The only exception is guide books, which are tricky because they go out of date so quickly. The ones available to borrow from my local library are usually at least one edition out of date. So I do sometimes buy guide books when I travel. These days I Freegle/Freecycle  them or pass them to charity shops as soon as I get back, before they’ve dated too much. My old ones probably wouldn’t sell though. I have them marked as ‘available’ on BookCrossing (which tells other BookCrossers that I’m ready to move them on and it’s worth contacting me to see if I’d like to do a swap) and local Freeglers/Freecyclers sometimes ask for a guidebook saying that they’re only interested in the information on sights, so the age of the book doesn’t matter.

BookCrossing‘s probably not the LOWEST impact way of reading. We post books to each other, using (and reusing) jiffy bags and the fossil fuels involved in transporting them. Plus a proportion of the ones we wild release (i.e. leave lying around to be found) probably get thrown away by overzealous cleaning staff. Using the library has got to be lower impact. BookCrossing‘s fun though and makes you part of a community. Plus using a library didn’t shift my attitude to keeping books the way BookCrossing has. I didn’t expect it to be such a great clutter clearer when I joined.

Beware though. BookCrosser’s tend to be generous and, if you’re not careful, you could end up with more books than you started with.

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Launching greenandtidy

I’m Rachel Papworth. I’m a bird-loving, green-minded, semi-vegan fitness freak living in wonderful Brighton (on the South coast of England), within walking distance of the sea and the South Downs National Park. I’m blogging as part of the process of developing a new business, based on two things that run through me like Brighton runs through seaside rock: decluttering and reducing my environmental impact.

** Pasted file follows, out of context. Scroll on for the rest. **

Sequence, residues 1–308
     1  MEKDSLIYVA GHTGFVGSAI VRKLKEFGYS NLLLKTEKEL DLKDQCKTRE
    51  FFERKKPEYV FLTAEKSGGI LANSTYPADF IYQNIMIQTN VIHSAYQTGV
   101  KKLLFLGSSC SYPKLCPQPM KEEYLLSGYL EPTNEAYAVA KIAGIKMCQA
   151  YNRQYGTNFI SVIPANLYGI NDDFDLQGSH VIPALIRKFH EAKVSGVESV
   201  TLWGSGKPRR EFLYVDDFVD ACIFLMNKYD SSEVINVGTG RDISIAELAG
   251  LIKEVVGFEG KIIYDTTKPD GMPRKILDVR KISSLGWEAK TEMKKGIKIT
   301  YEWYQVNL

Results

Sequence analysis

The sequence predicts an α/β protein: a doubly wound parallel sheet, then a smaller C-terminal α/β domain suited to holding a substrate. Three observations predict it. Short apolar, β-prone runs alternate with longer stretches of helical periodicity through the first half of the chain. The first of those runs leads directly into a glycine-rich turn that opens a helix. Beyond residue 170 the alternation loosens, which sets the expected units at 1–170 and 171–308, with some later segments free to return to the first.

I’m proud that I live a relatively low impact life (at least for someone living in the UK). Using The Resurgence carbon calculator, I worked out my carbon footprint for March 2010 to March 2011 as 6.3 tonnes. That’s 63 per cent of the UK average. Yet I wouldn’t describe my lifestyle as radical or alternative. I’m not living off the land or opting out of mainstream culture. I even went on holiday (to Morocco) during the period for which I’ve calculated my footprint.

It is a clutter-free life though. I hate clutter! Always have. I used to try to make my younger brothers declutter their bedrooms when we were kids. Emphasis on the ‘make’. And the ‘try’. These days I recognise that people can only be helped to declutter if they actually want to. And that only they can decide which of their belongings actually IS clutter. 🙂

And, for me, decluttering and living a low impact life are inextricably linked.

I’m not complacent by the way. If you check out Resurgence’s carbon calculator, you’ll see that the sustainable global CO2 quota is only 2 tonnes per capita, so I can’t be said to be living a sustainable lifestyle. And I’m constantly finding ways to tweak my lifestyle to reduce my impact.

I recently realised that focusing solely on my personal impact isn’t enough to satisfy me. I want to make a bigger difference than that. I want to help others to live lower impact lives, and create spaces that they love to live and work in, and that work well for them.

So I’m going to launch a new business. A green decluttering company. I’m going to help other people reduce their environmental impact while organising their stuff and creating spaces they love to be in.

If you long to (or love to) declutter, and/or you’re looking for ways to reduce your environmental impact (without going to live on a commune), click on the link to subscribe, and watch out for the products and services I’ll be offering soon.

And please comment on my posts. I love feedback. And I’m always open to new ideas for ways to declutter and go green.